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She had died at yester-midnight, dying as the bell peal'd

“one”!

Heavy-hearted I return'd — I could not bear her corse to

see

Whom I just had seen apparell'd like one of the far

countree.

Yes, I felt my heart was broken! though for years it did

not die, But it must be with its treasure up in yon eternal sky, God, my Father, He was there

my

blessed Saviour, 'twas His home, Adeline, and she who bore me, harbor'd there, no more to

roam.

And my earthly path was clouded, all its lingering gleams

had fled, Save the memories of communion with the living and the

dead.

Oh, they sicken'd not, nor faded into fond imaginings,
For true joys, if only true, immortal are 'mid mortal

things : Whilome they were golden lamps that o'er our pilgrim

pathway shone, Whose dear light we fondly bless'd, and wended unrepining And when number'd with the past they sank not in the

on :

misty sea With the foul and base-born glimmer of the world's false

hearted glee, But majestically rose, an apotheosis of light, Till they clomb the dark-blue heavens, stars for ever ’mid

the night; And thence shining on our pathway from their glorious

home afar, Tell us of the things that have been, that they shall be, and

they are.

Brother, I have told thee all my gloomy tale of fear and

sin;

Ah, forgive me, for I could not die and keep it pent

within

Since she went, this heart's beloved, thirteen dreary years

have pass'd, Something tells me in my bosom, this - joy, joy!-- shall

last. Brother, I have lived and roam'd in tracking those I once

be
my

beguiled, To essay

with me sin's fearful dark interminable wild ;

Days and nights of supplication I have agonized for them, Till to all, ’mid storm and shipwreck, beam'd the Star of

Bethlehem.

Nothing now remains for lifetime take my last, my, fond

farewell; If a heart like mine can bless, Heaven bless thee more

than heart can tell!

Grant that all my dark experience may be imaged back in

light, When reflected from the sunny waters of thy spirit bright; Till thy race on earth is finish’d, and ye hasten to complete Those our mother's vision saw, a blessed band at Jesus'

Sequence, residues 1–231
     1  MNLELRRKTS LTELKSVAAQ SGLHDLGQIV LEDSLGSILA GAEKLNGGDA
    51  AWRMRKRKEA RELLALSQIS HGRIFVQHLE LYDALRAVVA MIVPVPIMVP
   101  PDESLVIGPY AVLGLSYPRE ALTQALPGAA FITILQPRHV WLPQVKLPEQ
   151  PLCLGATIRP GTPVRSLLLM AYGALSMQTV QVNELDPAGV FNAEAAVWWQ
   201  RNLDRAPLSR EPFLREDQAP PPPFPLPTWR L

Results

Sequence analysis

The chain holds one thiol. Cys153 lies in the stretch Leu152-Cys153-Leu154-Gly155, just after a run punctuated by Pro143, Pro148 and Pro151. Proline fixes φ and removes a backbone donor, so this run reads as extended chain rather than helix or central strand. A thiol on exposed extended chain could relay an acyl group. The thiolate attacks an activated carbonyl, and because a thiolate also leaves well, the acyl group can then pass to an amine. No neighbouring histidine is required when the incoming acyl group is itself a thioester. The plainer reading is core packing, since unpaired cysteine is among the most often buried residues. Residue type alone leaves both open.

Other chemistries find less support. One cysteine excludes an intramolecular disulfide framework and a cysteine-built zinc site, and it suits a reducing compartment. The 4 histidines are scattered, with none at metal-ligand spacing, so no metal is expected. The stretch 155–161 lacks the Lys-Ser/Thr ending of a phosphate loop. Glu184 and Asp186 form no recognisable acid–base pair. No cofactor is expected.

feet.

And when I am dead, dear brother, lay me by the sacred

yew

That o'ershades this heart's beloved. Fare thee well

adieu — adieu.

Trinity College, 1845.

THE THINGS THAT ARE.

Ο έστιν ον όντως.

The closing of a stormy night:— the wrecks
Of many tempests stranded on the shore
Of Time's mysterious sea :- - and yet no break,
No far blue vista in the storm-tost drifts
Of clouds, that gather blackness ever and aye
Close round the wild horizon, If a star

With trembling light, and that the light of tears,
Gleams for a moment through the vault of gloom,
The swift clouds, envying Hope's sweet messenger,
Quick shifting dim its radiance, and the void
Of darkness reigns supreme. Perchance, anon,
A meteor with its dazzling train shoots by,
And hurries into nothingness — a dream
Of dying human glory — a bright torch
To light ambition to its starless tomb.

Once more the

eye
looks

up, as if in fear
Of that which shall be, for the lightnings now
Are all abroad upon the winds of night,
Writing in vivid characters of flame,
Truths words might never utter, truths intense,
Of man's strange destiny and future worlds
Prophetic: brief their tale, as it is bright;
And after them, dim thunder sounds far off,
Like waters, or the wail of nations, come
From the lone caverns of chill shadowy mountains,
In fitful bursts upon the startled ear.
All speak of woes and tempests past and coming....

Is such the sky that stretches o’er the world?
Fool, fool, it cannot be — just close thine eye
And
open

it
anew,

and o'er its sweep
Will rise, in faëry pageantries of joy,
Life-pictures diverse far: young pleasure's train,
Dances, and revelries, and reckless smiles,
All cluster'd there beneath a cloudless sky:-
None know it is but painted o’er their heads,
And that the true dread heavens roll rife with storms.

Tush, tush, bend down thine ear and list again :

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